[00:34:44] ZG: Well, thanks, Christian. We really appreciate you coming on.
[00:34:48] CE: Of course, yeah. Thanks for the time. I appreciate it. It’s been fun.
[00:34:52] HJ: We are now very excited to welcome Alexis Esseltine from Tin Whistle Brewing in Penticton, British Columbia. Welcome, Alexis.
[00:35:01] AE: Thanks for having me.
[00:35:02] HJ: So some of you may remember, we did have a Brew Year’s resolution from Alexis in our season 3 episode 1 episode that we did. If you haven’t listened to it, go back and take a listen. One of the things that Alexis says is that she has learned you can make great beer with less impact. We found that really, really interesting, so we really wanted to bring Alexis on today and talk about their carbon neutral initiative at Tin Whistle Brewing. Yeah, so Alexis, can you tell us a little bit about how you got to Tin Whistle Brewing?
[00:35:30] AE: Sure. It’s always a windy path in our lives, Heather. We all have windy paths. I started my career in the magazine publishing world, and I worked for Chatelaine, which is one of the women’s magazines here in Canada, a big women’s lifestyle magazine. I started to think a little bit about the impact that magazines were having on the natural world, just through paper, forestry, and all that stuff, and then decided to do a little bit more.
In order to do more in my career, I knew I needed a little bit more education. So I went back and did a master’s degree in a green business focus and have been working in sustainability. Everything from being an auditor overseas, flooring and leather manufacturing plants to Middle America. Manufacturers are looking at their environmental impact and trying to drive change there.
All the way through to more recently, I was the sustainability lead at the Vancouver Aquarium in Vancouver, leading all their green construction, green operation, green purchasing practices and making sure that they were putting their money where their mouth was in terms of practicing what they preach and doing all of that stuff. I came from there and lost my job in COVID because the tourism sector, of course, got annihilated in the middle of the pandemic.
I got laid off with 300 other folks at the same time, and my husband got laid off from his job at the same time too. We were sitting in Vancouver, one of the more expensive cities in the world, thinking about what’s next for our three little kids and us. This little brewery had been for sale in Penticton for a few years, and we’d never lived in the Okanagan or even worked in beer, for that matter. And off we came to bring our business experiences and our expertise to the table and see what we could do to turn this original craft brewery, the South Okanagan.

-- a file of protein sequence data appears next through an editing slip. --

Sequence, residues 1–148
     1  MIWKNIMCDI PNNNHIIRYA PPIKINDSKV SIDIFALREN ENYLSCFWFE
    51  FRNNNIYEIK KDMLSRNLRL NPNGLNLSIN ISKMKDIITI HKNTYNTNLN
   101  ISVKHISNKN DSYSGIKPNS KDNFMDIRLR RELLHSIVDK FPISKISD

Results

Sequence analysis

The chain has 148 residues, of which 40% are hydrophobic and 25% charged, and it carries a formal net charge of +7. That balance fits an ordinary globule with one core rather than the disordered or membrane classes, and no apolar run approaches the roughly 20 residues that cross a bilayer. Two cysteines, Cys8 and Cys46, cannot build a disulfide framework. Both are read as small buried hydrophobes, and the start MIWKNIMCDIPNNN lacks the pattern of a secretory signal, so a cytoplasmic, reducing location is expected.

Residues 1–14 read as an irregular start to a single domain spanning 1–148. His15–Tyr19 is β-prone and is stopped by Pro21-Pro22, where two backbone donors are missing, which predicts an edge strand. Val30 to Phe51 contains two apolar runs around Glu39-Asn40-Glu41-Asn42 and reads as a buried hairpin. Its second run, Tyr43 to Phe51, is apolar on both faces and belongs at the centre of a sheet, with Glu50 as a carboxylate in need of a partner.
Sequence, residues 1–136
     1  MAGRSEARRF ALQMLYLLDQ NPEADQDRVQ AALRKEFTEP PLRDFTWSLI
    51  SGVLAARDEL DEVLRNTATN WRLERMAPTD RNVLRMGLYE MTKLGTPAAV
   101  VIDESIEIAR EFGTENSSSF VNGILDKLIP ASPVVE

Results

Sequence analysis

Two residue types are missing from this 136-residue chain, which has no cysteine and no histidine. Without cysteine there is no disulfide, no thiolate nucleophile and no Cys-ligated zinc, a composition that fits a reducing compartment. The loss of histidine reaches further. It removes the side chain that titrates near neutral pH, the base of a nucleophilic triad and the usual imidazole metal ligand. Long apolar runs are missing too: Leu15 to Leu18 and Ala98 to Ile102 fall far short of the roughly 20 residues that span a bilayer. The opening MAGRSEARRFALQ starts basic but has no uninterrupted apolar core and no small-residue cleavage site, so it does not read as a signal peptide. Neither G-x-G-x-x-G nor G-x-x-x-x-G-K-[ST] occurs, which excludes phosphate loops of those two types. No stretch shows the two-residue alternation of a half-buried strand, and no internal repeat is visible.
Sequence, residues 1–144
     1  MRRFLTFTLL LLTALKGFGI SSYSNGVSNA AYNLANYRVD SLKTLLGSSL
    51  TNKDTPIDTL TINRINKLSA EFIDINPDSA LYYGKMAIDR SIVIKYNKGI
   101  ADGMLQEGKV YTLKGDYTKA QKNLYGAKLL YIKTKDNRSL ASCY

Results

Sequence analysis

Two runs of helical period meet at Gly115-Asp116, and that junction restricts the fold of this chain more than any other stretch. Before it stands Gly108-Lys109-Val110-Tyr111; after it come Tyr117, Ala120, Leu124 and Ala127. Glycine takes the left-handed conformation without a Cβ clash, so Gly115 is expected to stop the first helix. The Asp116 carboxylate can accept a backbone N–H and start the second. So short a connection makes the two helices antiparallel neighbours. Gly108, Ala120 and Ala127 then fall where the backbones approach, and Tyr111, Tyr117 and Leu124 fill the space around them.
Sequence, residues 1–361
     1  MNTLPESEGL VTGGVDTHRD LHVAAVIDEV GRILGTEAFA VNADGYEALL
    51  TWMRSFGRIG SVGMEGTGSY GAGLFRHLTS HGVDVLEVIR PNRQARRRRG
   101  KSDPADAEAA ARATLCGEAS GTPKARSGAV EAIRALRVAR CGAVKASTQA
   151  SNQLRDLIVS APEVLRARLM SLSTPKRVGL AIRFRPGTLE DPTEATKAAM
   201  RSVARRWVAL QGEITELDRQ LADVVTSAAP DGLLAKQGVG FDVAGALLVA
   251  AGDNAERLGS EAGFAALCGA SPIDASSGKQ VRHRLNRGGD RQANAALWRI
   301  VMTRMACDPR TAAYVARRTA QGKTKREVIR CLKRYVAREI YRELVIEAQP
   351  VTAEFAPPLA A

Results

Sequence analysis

Tin Whistle has been around since 1995. It wasn’t necessarily thriving when we took over, but we wanted to come here and see what we could do to be stewards of this brand and take it to the next stage of its life. Being thoughtful in the production and bringing the values to the table in the beer space was really important to us. That’s what we’ve done from day one.
[00:37:26] HJ: That’s fantastic. That’s quite a journey from the aquarium to brewery ownership.
[00:37:32] AE: Totally.
[00:37:33] HJ: Just a little bit of a jump.
[00:37:35] AE: Just a little jump, you know.
[00:37:36] HJ: Can you tell us a little bit about what the Climate Smart initiative is?
[00:37:42] AE: Sure. First of all, Tin Whistle Brewing is BC’s first carbon-neutral brewery. We worked a little bit with an organization called Climate Smart, which works with businesses across Canada to measure their carbon footprints and to help them figure out the path to reduction. Then ultimately, carbon neutrality, if that’s the path that businesses choose to take. So we chose that path.
We’re lucky that my background is in sustainability, so I could do a lot of this stuff on my own. But when we took over the business, I did a full sustainability audit and looked at the full picture of our environmental footprint. That sounds pretty fancy, but it actually isn’t really that fancy. It’s a matter of dumping your garbage out and seeing what’s in your garbage.
It’s a matter of looking at your electricity bills and your natural gas bills because those have a carbon footprint to them. Looking at those things, seeing what you’re using and how you’re using it in your brewhouse, and then trying to figure out how you may reduce, eliminate, or move away from certain things in order to be better.
The Climate Smart part is the organization that we work with to measure our carbon footprint. They provide a calculator. We put all of our electricity data, waste data, and natural gas data, and all these pieces of data in and out spit a carbon footprint. From there, we can start to make some decisions as a business as to what’s important to address and where our biggest impacts are, and then ultimately, how we’re going to get to zero.